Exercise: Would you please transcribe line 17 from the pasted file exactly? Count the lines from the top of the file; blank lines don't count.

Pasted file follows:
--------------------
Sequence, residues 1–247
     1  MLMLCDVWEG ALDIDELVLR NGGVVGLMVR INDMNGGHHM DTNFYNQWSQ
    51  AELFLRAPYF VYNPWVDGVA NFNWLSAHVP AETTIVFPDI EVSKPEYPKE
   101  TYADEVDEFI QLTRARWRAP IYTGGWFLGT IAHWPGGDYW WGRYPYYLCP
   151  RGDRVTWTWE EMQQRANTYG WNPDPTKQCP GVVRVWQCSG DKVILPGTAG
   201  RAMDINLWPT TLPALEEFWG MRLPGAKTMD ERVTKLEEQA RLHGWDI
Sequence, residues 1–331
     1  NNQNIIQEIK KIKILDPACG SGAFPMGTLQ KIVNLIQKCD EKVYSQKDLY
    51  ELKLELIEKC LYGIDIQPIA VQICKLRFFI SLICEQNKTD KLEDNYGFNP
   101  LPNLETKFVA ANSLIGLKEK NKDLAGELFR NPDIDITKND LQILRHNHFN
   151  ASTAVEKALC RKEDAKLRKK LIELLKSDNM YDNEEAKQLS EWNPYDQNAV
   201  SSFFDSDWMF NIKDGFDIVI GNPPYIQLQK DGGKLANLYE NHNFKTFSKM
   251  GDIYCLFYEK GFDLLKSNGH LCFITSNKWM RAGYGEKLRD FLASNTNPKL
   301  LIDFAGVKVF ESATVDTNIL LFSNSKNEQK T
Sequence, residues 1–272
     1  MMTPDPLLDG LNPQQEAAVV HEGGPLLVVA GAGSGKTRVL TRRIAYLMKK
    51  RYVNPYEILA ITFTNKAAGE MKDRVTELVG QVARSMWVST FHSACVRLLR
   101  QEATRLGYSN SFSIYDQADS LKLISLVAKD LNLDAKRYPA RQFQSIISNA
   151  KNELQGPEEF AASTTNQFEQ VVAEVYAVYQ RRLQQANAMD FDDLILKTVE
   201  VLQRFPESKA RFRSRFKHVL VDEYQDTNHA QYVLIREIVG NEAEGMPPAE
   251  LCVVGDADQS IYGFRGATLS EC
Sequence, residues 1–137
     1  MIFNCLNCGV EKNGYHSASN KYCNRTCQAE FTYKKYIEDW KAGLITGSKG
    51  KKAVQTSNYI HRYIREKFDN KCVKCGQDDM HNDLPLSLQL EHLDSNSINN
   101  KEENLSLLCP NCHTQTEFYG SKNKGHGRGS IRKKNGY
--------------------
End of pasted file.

    51  RYVNPYEILA ITFTNKAAGE MKDRVTELVG QVARSMWVST FHSACVRLLR